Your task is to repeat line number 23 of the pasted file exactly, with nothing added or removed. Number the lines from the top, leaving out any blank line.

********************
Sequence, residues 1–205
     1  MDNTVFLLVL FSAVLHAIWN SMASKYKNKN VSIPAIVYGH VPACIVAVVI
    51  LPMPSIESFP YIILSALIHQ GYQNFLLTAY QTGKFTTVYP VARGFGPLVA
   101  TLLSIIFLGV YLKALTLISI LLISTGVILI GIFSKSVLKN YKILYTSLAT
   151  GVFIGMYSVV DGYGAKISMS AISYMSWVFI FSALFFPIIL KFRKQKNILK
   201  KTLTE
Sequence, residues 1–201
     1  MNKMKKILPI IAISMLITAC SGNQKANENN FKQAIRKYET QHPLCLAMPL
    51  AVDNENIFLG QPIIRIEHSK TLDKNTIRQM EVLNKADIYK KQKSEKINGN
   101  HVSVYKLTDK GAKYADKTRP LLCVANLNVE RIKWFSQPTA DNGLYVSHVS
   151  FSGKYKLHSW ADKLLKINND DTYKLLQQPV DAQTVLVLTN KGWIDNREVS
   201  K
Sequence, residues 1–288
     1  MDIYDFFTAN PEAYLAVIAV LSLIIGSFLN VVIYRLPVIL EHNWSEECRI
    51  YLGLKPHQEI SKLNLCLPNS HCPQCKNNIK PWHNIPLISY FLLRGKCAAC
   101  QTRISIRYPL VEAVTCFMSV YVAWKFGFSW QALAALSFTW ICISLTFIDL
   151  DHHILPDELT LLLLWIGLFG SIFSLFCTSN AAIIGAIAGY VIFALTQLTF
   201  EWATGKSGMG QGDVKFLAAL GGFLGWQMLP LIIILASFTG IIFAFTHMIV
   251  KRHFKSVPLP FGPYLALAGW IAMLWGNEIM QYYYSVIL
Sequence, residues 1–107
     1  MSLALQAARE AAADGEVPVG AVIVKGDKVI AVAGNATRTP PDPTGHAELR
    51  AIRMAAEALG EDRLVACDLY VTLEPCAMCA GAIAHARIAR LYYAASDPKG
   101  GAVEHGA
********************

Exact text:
   101  GAVEHGA